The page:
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While some Summer Pre-Law Programs have embedded internships, they are generally more focused on coursework and gaining insight on the path ahead. Basically, many pre-law programs cater to students who are in the early stages of achieving a bachelor’s degree. The majority of undergraduate students that participate are thinking ahead and, as they should be, doing all that they can to be excellent candidates for law school.
Most of the pre-law summer programs out there literally enforce this practice, by not only training participants on the ins and outs of the LSAT exam but also how to think like a law student. The majority of the options out there feature lectures by law experts and field trips to sites that are significant to the history and current state of legal practice. Some programs offer networking as a key focus, as this is a field where knowing people is an important part of the framework of advancement.
In terms of preparation for law school applications, many pre-law summer programs help undergraduate students build a solid foundation with the rest of their undergraduate degrees. This makes them stand out in the field as a prospective lawyer. Many of the program offerings are for target populations of prospective law students. For example, you will see several that are specifically designed to level the playing field and bring more lawyers of color into the courtroom. There are some that support Christian pre-law students, and others that call on underrepresented groups to participate. Several of these programs are subsidized and/ or offer scholarships to ensure financial resources do not play a role in who is able to access such opportunities.
Summer Pre-Law vs. Internship?
Pre-law internships in tandem with a pre-law summer program make a lot of sense because students can be gaining the hands-on training that supports what they are learning within the coursework that they undergo. A summer undergraduate law internship can include a variety of tasks from getting coffee for a senior attorney to sitting in on trials, conducting legal research, filing and making copies, courtroom preparation, and other tasks that vary based on the intern’s experience. However, an internship certainly does not take the place of the comprehensive LSAT preparation and law school application knowledge that come with most of the featured programs.
What Will Impress Law Schools More?
This is a good question with not one answer. Doing both a pre-law summer program and an internship will definitely help you stand out from the crowd. However, showing law schools the way you apply the skills gained from both opportunities will make you look like the strongest candidate. For example, it is critical that you do well on the LSAT exam, and a summer pre-law program will support that outcome. It is also imperative that you understand all of the ways to shine on your law school applications, which will certainly be covered in many of the summer pre-law programs as well.
Another beneficial aspect of some of the summer pre-law programs that are available is the rigorous nature that shows your ability to push ahead with gusto. If law school requires anything, it’s the stamina to keep your head in the game and stay the course. Though many of the programs at hand have fun social elements, they are also quite demanding. Some even come with mentorship that will follow you beyond the summer experience.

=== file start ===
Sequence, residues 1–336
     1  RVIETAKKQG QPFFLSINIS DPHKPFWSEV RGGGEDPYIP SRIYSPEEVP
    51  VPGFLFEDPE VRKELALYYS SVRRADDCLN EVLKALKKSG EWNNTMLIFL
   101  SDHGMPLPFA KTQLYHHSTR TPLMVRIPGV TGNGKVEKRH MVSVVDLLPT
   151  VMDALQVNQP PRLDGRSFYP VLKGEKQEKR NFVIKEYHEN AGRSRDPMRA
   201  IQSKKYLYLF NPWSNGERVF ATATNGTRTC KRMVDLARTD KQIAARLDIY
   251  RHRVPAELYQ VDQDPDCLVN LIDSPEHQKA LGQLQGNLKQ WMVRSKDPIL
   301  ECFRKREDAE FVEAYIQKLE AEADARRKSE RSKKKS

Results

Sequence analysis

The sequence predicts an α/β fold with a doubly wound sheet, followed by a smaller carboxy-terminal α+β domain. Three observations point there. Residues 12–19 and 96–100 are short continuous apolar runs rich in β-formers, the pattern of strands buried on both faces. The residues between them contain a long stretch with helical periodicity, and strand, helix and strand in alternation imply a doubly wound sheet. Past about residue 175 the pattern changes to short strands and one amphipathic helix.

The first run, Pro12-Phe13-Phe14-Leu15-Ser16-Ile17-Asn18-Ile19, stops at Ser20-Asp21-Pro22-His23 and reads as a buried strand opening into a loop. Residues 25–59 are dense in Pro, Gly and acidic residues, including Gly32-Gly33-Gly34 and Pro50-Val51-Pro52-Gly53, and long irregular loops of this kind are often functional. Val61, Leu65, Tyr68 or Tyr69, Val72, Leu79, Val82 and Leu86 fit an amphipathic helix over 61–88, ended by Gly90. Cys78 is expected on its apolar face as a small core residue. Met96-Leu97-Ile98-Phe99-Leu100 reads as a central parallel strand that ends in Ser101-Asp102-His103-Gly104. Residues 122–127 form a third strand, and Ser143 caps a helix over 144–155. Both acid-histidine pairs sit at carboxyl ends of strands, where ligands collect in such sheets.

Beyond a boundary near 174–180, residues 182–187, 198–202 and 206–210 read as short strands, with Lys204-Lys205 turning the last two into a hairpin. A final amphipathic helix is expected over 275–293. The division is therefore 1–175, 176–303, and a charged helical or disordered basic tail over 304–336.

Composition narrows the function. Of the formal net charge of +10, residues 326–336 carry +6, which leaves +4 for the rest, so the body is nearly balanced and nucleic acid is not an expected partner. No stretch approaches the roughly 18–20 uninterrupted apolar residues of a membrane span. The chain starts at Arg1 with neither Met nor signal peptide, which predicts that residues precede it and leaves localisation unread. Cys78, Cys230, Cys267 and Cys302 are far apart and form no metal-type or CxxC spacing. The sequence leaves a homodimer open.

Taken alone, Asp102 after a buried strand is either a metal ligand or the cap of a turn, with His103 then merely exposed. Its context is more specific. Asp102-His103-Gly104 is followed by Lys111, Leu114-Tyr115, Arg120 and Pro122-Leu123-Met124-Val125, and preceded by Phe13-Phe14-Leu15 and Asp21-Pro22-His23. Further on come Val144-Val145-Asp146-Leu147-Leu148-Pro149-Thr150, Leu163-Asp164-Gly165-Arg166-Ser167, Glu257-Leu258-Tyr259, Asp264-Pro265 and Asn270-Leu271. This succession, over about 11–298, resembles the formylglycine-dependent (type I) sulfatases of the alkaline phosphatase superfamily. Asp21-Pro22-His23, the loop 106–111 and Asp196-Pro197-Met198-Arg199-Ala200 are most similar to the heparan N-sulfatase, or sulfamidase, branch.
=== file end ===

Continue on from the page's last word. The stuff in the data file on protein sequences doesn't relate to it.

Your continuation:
Tangible work experience is always impressive, especially if you can get a good reference out of the deal. The law school application requires some references, and you will certainly look good if it comes from a legal expert for whom you have worked in their office.
Do I Need to Already Be Accepted Into Law School to do an Internship?
No. In fact, the majority of the internships for pre-law students that are out there are specifically for undergraduate students. They call for people in the early process of courting the field of law as a potential career path. There are certainly a select few that offer internships for those who are already accepted, but most are resume builders for the application process.
Internships for pre-law students are an excellent way to understand if this is the right field for you. There are many careers that engage justice, and though being a lawyer brings you to the front lines of that calling, an internship might be telling you there is another path you are more suited for. Some students move from law to social work or something similar that will give them the tools to make a difference. Other students learn what kind of law they want to practice from their internship and subsequent fieldwork, and walk away with more tools to go after that dream. There are never too many ways to prepare yourself for this path. Certainly, there is no dearth of programming to provide the skills to excel on your applications and move forward.
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Aya Andrews is a passionate educator and mother of two, with a diverse background that has shaped her approach to teaching and learning. Born in Metro Manila, she now calls San Diego home and is proud to be a Filipino-American. Aya earned her Masters degree in Education from San Diego State University, where she focused on developing innovative teaching methods to engage and inspire students.
Prior to her work in education, Aya spent several years as a continuing education consultant for KPMG, where she honed her skills in project management and client relations. She brings this same level of professionalism and expertise to her work as an educator, where she is committed to helping each of her students achieve their full potential.
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